King Xerxes, standing on a hill looking at his army of one hundred thousand soldiers in battle array, and considering that out of all of them there would be not one man alive in a hundred years, was unable to hold back his tears. Have we not more reason to weep upon thinking that out of so many Catholics, the greater number will be damned? Should this thought not make our eyes pour forth rivers of tears, or at least produce in our heart the sentiment of compassion felt by an Augustinian Brother, Ven. Marcellus of St. Dominic? One day as he was meditating on the eternal pains, the Lord showed him how many souls were going to hell at that moment and had him see a very broad road on which twenty-two thousand reprobates were running toward the abyss, colliding into one another. The servant of God was stupefied at the sight and exclaimed, “Oh, what a number! What a number! And still more are coming. O Jesus! O Jesus! What madness!” Let me repeat with Jeremiah, “Who will give water to my head, and a fountain of tears to my eyes? And I will weep day and night for the slain of the daughter of my people.”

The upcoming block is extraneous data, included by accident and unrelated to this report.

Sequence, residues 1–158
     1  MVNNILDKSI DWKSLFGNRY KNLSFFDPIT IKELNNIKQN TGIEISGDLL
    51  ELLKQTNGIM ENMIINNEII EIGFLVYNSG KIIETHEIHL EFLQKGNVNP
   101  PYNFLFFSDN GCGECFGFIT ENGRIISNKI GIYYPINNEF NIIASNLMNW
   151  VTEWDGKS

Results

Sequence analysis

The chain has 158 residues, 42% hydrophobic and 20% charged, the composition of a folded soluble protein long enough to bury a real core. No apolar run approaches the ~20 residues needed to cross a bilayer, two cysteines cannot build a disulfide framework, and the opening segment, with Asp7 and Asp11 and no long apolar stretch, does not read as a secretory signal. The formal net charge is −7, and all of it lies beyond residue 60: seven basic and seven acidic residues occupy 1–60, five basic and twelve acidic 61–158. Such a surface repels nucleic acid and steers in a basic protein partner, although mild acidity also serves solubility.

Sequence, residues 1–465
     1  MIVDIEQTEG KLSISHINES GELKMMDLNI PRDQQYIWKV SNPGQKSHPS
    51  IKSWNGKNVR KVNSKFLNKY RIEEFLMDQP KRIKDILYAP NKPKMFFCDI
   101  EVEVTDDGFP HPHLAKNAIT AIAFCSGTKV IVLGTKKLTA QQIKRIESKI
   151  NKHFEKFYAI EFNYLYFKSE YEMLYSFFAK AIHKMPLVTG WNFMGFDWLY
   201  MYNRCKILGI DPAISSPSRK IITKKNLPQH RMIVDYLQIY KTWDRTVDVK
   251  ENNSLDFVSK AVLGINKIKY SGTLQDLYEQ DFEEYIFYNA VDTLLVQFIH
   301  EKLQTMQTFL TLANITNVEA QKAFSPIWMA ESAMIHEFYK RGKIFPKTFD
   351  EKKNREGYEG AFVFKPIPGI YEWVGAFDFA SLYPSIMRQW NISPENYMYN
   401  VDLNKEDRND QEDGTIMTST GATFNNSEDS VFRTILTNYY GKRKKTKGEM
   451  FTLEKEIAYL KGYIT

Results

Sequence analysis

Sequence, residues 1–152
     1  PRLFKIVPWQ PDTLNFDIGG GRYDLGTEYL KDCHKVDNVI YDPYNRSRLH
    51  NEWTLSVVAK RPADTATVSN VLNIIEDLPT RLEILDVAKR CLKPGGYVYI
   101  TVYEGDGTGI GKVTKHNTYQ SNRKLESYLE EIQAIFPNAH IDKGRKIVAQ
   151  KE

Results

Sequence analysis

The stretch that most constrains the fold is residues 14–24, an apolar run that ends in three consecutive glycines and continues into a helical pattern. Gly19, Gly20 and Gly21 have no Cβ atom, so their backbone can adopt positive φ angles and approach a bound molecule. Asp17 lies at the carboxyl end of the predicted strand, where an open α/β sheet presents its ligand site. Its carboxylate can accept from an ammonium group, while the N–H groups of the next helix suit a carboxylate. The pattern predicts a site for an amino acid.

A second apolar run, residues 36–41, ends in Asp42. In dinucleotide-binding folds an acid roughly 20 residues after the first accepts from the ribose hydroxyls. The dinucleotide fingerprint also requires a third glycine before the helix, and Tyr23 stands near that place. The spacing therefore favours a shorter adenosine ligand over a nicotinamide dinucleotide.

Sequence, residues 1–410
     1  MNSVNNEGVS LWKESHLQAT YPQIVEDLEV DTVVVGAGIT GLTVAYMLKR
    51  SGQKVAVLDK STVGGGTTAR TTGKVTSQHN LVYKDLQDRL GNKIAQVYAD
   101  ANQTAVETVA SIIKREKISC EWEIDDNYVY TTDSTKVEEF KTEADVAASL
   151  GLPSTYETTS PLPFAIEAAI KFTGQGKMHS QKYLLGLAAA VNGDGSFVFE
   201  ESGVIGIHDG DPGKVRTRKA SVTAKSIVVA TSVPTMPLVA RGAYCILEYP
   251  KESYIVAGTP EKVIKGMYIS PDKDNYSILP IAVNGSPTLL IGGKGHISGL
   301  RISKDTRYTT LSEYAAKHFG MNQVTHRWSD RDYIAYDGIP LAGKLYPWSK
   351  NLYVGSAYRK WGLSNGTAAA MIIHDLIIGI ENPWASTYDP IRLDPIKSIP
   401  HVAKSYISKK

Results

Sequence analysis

Poor souls! How can you run so hastily toward hell? For mercy’s sake, stop and listen to me for a moment! Either you understand what it means to be saved and to be damned for all eternity, or you do not. If you understand and in spite of that, you do not decide to change your life today, make a good confession and trample upon the world, in a word, make your every effort to be counted among the littler number of those who are saved, I say that you do not have the faith. You are more excusable if you do not understand it, for then one must say that you are out of your mind. To be saved for all eternity, to be damned for all eternity, and to not make your every effort to avoid the one and make sure of the other, is something inconceivable.

Source: http://saintsbooks.net

THE GRACE OF GOD IS ABSOLUTELY NECESSARY – By St. Louis Marie de Montfort

An extract from ‘The Secret of Mary by St. Louis Marie de Montfort’ 
Chosen soul, living image of God and redeemed by the precious blood of Jesus Christ, God wants you to become holy like him in this life, and glorious like him in the next.